Job: Sustainable interior designer
The role: Sustainable interior designers create spaces that adhere to traditional design principals while also incorporating environmentally friendly practices.
“They have that layer of design and understand how to structure a space, but looking at it in a way that will positively impact the environment,” explains Angie Huk, vice-president of marketing and customer engagement for ECO Canada, a non-profit online resource for environmental careers.
Ms. Huk adds that sustainable interior designers are given the task of incorporating sustainable practices into “planning, efficient use of space, choosing materials that have low environmental impacts, and reducing energy consumption, pollution and waste.”
Sustainable interior designers are typically employed as independent consultants or as part of a larger interior design or architecture company, and split their time between office and field work. Working as part of the project team, they have the task of offering solutions, designs and concepts that will reduce the environmental impact of a development project.
“They could be involved in writing specifications, working drawings or construction documents, preparing tender drawings for contractors, choosing materials and suppliers to co-ordinate installation, and forcing environmentally conscious products that would be leveraged in the projects that they’re running,” Ms. Huk says.
Salary: According to research conducted by ECO Canada, the starting salary of a sustainable interior designer depends on their level of education.
“If somebody had gone to school and only earned a diploma, they would only be starting around $36,000 to $45,000 [per year],” Ms. Huk says. “If they have gone to school and have an undergraduate degree in interior design or architecture specializing in environmental design, they could be earning around $54,000 per year [to start], eventually making upward of $100,000 per year, depending on the type of industry they’re working in.”
Ms. Huk adds that those who only earn a diploma could also reach a six-figure salary, although it will likely take longer. Furthermore, salary in the industry is often tied to geographical location and local economic conditions, as sustainable building practices are more often used in a strong economy. “That influences how successful you’re going to be in this market because of demand,” she says.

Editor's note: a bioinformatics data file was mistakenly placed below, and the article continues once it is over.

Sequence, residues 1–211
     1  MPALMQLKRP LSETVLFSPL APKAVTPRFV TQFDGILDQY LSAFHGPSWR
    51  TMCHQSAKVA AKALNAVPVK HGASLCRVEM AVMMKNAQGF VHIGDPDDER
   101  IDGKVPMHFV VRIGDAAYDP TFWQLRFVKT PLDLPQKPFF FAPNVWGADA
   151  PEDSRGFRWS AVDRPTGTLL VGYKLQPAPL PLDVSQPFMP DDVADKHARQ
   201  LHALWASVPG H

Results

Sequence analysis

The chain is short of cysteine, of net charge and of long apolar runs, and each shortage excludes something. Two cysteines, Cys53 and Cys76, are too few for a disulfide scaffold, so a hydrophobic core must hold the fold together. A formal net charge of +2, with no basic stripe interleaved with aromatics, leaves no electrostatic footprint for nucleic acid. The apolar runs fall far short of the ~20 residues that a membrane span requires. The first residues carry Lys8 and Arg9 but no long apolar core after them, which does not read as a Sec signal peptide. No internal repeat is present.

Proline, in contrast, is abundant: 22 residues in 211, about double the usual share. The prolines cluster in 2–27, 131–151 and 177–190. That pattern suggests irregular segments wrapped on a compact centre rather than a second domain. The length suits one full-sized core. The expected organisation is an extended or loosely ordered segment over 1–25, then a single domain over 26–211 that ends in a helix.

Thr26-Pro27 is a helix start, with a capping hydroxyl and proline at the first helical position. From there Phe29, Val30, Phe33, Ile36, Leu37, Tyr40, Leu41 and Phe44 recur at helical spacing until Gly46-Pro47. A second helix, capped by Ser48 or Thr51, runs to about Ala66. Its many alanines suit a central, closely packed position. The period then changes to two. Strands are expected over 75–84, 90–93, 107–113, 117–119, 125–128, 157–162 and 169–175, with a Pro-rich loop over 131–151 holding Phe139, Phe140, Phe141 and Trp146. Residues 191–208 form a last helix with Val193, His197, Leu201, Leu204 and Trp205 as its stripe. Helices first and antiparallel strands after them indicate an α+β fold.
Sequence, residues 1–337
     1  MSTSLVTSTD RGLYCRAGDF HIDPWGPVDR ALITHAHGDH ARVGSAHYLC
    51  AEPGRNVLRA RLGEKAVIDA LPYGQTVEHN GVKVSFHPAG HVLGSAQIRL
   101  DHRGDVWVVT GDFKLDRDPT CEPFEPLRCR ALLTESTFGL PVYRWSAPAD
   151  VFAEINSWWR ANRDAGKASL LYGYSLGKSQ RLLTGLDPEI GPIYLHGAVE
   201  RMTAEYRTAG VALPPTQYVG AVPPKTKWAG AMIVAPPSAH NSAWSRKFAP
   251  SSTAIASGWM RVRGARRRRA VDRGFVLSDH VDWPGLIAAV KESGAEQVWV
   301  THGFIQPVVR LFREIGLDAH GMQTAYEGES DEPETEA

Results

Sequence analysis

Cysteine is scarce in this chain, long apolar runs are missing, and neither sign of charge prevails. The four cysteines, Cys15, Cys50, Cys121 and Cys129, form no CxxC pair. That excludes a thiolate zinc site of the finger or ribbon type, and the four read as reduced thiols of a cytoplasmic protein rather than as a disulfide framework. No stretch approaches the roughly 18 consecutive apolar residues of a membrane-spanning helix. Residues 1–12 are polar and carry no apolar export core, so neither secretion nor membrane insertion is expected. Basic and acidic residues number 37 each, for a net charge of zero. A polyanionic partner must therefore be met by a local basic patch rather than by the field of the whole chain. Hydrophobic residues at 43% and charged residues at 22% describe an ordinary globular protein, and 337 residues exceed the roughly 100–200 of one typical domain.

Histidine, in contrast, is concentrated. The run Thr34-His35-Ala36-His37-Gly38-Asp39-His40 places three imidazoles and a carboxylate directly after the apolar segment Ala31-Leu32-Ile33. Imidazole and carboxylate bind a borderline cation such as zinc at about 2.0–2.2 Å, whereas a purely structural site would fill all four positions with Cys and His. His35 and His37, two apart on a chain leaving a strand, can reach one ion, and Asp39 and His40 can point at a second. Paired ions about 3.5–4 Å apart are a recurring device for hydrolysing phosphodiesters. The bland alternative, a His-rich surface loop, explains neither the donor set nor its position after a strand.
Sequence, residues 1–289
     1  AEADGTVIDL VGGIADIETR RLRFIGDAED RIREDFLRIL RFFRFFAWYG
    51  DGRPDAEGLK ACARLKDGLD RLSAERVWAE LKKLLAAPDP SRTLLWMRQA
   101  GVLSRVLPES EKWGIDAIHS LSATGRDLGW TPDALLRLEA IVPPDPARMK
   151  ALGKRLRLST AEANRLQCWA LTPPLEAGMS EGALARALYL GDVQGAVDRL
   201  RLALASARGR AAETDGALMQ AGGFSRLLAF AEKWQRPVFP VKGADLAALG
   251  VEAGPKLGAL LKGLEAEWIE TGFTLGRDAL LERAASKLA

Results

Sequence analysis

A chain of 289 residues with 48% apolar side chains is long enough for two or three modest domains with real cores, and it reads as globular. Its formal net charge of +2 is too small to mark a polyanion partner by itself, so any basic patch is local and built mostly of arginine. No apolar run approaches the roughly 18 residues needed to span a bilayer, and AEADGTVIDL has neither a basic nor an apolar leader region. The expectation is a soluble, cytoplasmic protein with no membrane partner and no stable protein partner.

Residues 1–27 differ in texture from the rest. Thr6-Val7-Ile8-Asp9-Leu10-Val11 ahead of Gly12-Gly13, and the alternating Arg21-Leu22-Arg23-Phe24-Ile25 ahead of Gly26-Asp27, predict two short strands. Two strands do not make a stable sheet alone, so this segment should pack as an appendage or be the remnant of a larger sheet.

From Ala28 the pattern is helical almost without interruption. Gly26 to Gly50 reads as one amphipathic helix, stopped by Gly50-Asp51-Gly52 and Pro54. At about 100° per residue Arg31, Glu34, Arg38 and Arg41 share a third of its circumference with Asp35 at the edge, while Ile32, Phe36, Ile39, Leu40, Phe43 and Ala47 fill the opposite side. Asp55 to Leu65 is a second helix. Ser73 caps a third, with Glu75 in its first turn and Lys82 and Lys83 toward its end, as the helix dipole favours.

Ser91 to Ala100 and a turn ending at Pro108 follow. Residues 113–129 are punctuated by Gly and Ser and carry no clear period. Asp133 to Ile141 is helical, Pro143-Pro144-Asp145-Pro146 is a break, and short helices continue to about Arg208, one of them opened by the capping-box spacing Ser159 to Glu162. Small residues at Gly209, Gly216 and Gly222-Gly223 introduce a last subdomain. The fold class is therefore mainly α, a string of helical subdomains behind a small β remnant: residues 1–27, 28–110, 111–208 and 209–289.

Education: Sustainable interior designers are typically required to complete some form of relevant postsecondary training. Many employers, however, require a minimum of an undergraduate degree as well as Leadership in Energy and Environmental Design (LEED) certification.
“Most folks that would have an aptitude for this role should have strong marks or an interest in design and communication arts, math, computer science and English,” Ms. Huk says. “A lot of folks that get into interior design go on to get their master’s in architecture as well.”
Job prospects: Employment opportunities for sustainable interior designers will often depend on local market conditions, as well as the individual’s level of training and experience.
“Over the last couple of years, jobs in sustainability have grown about 20 per cent over all,” Ms. Huk says. “We’re expecting to see that growth continue at a rate of about 4.5 per cent per year until 2024, so there’s a lot of opportunity.”
Challenges: As an industry often closely tied to local economic conditions, opportunities for sustainable interior designers can be inconsistent year to year, especially for those who are self-employed. “A lot of these roles are project-based, so there’s a lot of peaks and valleys; sometimes, you have really good years, some years are going to be really lean,” she says.
Why they do it: Sustainable interior designers often enjoy working in a field that combines creativity with the ability to solve complex problems, and have a passion for environmental sustainability.
“For someone who’s got that creative thread in them, this is a chance to really let those skills shine,” Ms. Huk says. “It’s about making things beautiful while creating a space you can feel good about.”
Misconceptions: While sustainability has long been a topic of consideration within the interior-design field, it has only recently been established as a unique position with additional training requirements. As a result, many in the industry are yet to recognize the position as being distinct from traditional interior-design roles.
“There’s a misconception that it’s a bit of a fluff role, that anyone can do it,” says Ms. Huk, adding that many industries in Canada are in the process of gradually introducing new roles specific to sustainable practices.
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